Now is the Time to Set Ambitious Marketing Goals

Resistance to new ideas is a universal concept, famously espoused by author and sometime inventor Mark Twain, who once said “a person with a new idea is a crank until the idea succeeds.” Marketers know all too well that institutional pushback is part and parcel of devising a novel way to engage with customers. Yet despite the many barriers and limitations – lack of budget, resources or buy-in – good ideas always seem to break through. In trying times like today, marked by rapidly changing and unpredictable customer behaviors and digital transformation acceleration, ambitious marketers can take solace knowing that good ideas are needed more than ever.

What does it mean, though, to be an ambitious marketer? While having the mettle to break through limitations and turn ideas into reality is important, innovation is a key condition – which gets to the essence of the Twain quote. A new campaign idea that is just a new way to reach an existing audience may have a nominal impact. But an idea that results in competitive advantage and drives new revenue has the power to elevate marketing into a mission-critical line of business. Here, resistance comes from all corners; the usual skepticism, mixed with fear of being taken out of one’s comfort zone.

Breaking through the status quo is a strategic imperative. According to the Harris Poll sponsored by Redpoint, 73 percent of consumers say that brands are not meeting their expectation for a personalized, omnichannel customer experience.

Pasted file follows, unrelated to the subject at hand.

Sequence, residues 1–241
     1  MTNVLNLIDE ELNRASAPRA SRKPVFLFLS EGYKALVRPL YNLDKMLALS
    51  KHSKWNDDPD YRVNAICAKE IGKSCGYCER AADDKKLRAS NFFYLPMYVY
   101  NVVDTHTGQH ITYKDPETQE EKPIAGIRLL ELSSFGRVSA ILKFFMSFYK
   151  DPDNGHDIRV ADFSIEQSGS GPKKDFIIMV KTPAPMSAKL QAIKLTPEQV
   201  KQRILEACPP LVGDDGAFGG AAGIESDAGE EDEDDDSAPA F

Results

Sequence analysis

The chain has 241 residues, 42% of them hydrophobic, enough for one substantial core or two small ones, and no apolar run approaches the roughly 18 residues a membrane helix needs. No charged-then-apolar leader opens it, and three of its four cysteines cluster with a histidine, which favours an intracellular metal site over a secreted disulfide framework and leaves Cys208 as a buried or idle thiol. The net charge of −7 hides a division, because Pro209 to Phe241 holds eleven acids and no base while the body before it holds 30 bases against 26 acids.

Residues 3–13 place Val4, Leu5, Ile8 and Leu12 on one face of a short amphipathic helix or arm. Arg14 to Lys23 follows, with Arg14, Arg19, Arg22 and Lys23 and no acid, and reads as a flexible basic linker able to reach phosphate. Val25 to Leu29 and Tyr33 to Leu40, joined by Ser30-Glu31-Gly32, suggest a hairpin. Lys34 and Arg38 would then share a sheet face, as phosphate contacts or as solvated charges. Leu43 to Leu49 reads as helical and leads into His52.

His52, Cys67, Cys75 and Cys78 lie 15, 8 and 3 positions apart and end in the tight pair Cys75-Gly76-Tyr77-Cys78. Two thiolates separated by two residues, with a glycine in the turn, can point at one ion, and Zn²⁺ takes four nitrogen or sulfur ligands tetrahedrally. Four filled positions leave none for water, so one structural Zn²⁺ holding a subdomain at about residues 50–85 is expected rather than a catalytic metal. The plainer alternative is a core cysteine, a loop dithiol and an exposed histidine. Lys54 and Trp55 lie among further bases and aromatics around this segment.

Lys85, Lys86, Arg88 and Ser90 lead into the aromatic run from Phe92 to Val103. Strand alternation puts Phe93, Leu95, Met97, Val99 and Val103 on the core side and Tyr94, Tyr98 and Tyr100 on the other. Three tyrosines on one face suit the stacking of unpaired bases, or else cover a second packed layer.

Relevance and the Differentiated Experience

Competitive advantage derives from creating something in the market that is completely differentiated. Making a curbside pickup service nominally faster, for instance, may result in an uptick and short-term gains, but is unlikely to deliver sustainable, long-term growth.

True differentiation stems from offering a relevant experience to an individual customer at any stage of their omnichannel customer journey. In a curbside pickup service, that at a minimum would mean offering a seamless experience from the online purchase to the actual pickup, and coordinating logistics so that the right product is available at the right time. Relevance within the context of the journey, however, could mean using geolocation data to send an SMS message alerting an arriving customer of the closest available parking spot. It would mean having an up-to-date record of every customer transaction and behavior combined with every customer identifier – all devices, emails, addresses, social, etc. By possessing this single customer view, a differentiated experience might entail a relevant offer for an accessory item – sent on the customer’s preferred channel and device – at pickup.

Curbside pickup is but one example used to illustrate the broader point that customer journeys are becoming more unpredictable, with more channels, devices and options than ever before – combined with the onset of changing behaviors brought on by today’s uncertainty. The same deep understanding of an individual customer is required to deliver a relevant customer experience wherever the customer chooses to interact.